Staff Publications

Staff Publications

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    'Staff publications' is the digital repository of Wageningen University & Research

    'Staff publications' contains references to publications authored by Wageningen University staff from 1976 onward.

    Publications authored by the staff of the Research Institutes are available from 1995 onwards.

    Full text documents are added when available. The database is updated daily and currently holds about 240,000 items, of which 72,000 in open access.

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Record number 367539
Title Comparing Sampling Patterns for Kriging the Spatial Mean Temporal Trend
Author(s) Braak, C.J.F. ter; Brus, D.J.; Pebesma, E.J.
Source Journal of Agricultural, Biological, and Environmental Statistics 13 (2008)2. - ISSN 1085-7117 - p. 159 - 176.
Department(s) Biometris (WU MAT)
PRI Biometris
Soil Science Centre
Publication type Refereed Article in a scientific journal
Publication year 2008
Keyword(s) design - prediction - resources - models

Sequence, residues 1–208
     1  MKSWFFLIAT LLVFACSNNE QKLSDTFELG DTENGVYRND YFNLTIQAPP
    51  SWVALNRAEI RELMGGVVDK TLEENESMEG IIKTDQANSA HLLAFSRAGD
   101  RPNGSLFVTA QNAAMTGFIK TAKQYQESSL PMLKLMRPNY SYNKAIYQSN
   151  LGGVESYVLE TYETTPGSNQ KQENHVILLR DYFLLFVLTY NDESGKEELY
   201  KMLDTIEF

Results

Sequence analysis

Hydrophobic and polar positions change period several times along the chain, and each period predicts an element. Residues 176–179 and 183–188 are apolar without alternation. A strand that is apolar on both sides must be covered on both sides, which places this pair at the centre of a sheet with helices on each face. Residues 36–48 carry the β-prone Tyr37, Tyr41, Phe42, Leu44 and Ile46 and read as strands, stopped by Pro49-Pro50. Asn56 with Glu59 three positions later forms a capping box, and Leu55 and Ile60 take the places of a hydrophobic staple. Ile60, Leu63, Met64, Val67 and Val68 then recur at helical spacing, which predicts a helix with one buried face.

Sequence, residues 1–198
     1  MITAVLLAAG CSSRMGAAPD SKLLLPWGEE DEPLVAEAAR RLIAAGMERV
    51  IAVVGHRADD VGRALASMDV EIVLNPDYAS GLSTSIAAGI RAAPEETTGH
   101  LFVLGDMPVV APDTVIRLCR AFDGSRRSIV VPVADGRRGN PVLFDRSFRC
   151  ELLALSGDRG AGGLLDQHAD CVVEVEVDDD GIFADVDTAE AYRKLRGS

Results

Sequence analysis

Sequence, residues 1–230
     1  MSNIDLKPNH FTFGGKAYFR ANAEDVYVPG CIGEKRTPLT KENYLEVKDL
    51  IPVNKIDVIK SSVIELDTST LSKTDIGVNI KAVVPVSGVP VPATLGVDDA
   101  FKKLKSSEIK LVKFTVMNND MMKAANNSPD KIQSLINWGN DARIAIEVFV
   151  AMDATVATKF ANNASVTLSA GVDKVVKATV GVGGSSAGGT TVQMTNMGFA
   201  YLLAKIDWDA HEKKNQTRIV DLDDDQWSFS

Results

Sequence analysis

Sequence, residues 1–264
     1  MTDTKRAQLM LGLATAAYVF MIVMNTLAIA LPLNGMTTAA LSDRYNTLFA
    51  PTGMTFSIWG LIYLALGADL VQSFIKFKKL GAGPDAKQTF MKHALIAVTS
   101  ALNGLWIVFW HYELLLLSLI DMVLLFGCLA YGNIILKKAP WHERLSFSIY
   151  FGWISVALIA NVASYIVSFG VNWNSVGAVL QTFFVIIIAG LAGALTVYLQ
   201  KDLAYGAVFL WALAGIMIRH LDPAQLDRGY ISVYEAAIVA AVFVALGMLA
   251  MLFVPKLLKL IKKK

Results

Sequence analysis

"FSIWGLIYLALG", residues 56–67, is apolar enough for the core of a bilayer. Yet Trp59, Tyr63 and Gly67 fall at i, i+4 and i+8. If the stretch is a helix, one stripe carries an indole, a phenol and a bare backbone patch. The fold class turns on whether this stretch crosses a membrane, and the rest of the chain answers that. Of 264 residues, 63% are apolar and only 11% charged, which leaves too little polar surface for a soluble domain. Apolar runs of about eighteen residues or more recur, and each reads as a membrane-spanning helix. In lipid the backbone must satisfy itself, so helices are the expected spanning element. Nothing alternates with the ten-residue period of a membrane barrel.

Abstract In monitoring the environment one often wishes to detect the temporal trend in a variable that varies across a region. A useful executive summary is then the temporal trend in the spatial mean. In this article, the best linear unbiased predictor of the spatial mean temporal trend and its variance are derived under a universal kriging model. Five different, spatially explicit sampling patterns are compared in terms of this variance. For small spatial ranges, the time-separation pattern is optimal, regardless of the temporal range. For larger spatial ranges, the best pattern depends on the temporal range. If the temporal range is small (less than ca. 1/20 of the spatial range), then the always-revisit pattern is best. For larger temporal ranges (between ca. 1/20 and ca. 1/4 of the spatial range) the serially alternating pattern is best, whereas the time-separation pattern is best for larger temporal ranges. The gain in using the serially alternating pattern or time-separation pattern instead of the always-revisit pattern can be substantial. The potential loss with respect to the always-revisit pattern is only minor for the serially alternating pattern, but can be substantial for the time-separation pattern. Unless one has good knowledge of the spatial and temporal range, the serially alternating pattern is thus a good choice. This work extends that by Urquhart and Kincaid and gives further support to their plea for the serially alternating pattern
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